Measuring Change By "Inchstones" At The IRS
February 29, 2000
It has been almost two years since Congress held hearings on abuses at the Internal Revenue Service. And it has been almost 18 months since enactment of a law designed to correct them. But observers say the pace of change at the agency is remarkably slow.
Even IRS Commissioner Charles O. Rossotti admits he measures progress at the agency in terms of "inchstones," rather than milestones.
- The agency's computers are ancient, many taxpayers' phone calls don't get through, enforcement actions have all but stopped, audit rates have shrunk to the vanishing point, there is no reliable data on the scope of tax cheating and the work force reportedly struggles with bouts of anxiety.
- There is now a backlog of about 46,000 so-called "innocent spouse" claims from taxpayers seeking relief under the 1998 law -- a provision designed to protect divorced and widowed people from tax liabilities run up by their ex-spouses.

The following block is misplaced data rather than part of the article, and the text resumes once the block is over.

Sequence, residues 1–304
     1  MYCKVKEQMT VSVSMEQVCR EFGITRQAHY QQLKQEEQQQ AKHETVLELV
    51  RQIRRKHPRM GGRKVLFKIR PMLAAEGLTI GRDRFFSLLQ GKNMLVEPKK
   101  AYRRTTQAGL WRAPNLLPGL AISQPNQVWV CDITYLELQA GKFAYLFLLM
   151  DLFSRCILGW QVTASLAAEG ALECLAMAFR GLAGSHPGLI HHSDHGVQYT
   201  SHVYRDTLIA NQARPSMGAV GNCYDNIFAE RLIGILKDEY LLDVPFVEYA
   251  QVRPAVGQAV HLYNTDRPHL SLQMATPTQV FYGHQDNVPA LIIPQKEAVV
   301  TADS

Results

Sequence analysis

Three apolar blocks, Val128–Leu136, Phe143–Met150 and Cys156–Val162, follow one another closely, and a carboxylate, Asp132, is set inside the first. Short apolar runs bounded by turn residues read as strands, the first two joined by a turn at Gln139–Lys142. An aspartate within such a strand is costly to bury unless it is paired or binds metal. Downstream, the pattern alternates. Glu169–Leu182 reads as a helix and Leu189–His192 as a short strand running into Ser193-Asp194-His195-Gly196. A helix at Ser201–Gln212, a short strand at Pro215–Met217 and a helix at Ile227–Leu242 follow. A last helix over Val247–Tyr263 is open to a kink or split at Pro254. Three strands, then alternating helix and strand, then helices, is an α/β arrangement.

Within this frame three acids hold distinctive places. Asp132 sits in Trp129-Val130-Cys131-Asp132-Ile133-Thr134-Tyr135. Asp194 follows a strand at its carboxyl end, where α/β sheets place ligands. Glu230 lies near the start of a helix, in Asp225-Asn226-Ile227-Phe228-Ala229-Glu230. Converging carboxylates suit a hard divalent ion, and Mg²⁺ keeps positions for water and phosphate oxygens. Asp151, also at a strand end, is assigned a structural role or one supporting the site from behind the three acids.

Audits are a major area of concern. Experts point out that widespread recognition that audits are way down invites cheating by some taxpayers. If compliance were to drop by even 5 percent, the budget surplus would dry up.
- In the mid-1990s, about 0.7 percent of taxpayer returns were audited.
- But for 1999, only 0.3 percent will be reviewed.
- About 0.19 percent of taxpayers in the $25,000 to $50,000 income bracket will be audited on the basis of their 1999 returns.
- That rises to 0.77 percent for those making $100,000 or over.
Source: Albert B. Crenshaw and Stephen Barr, "How Long Does it Take for a New Leaf to Turn," Washington Post, February 27, 2000.
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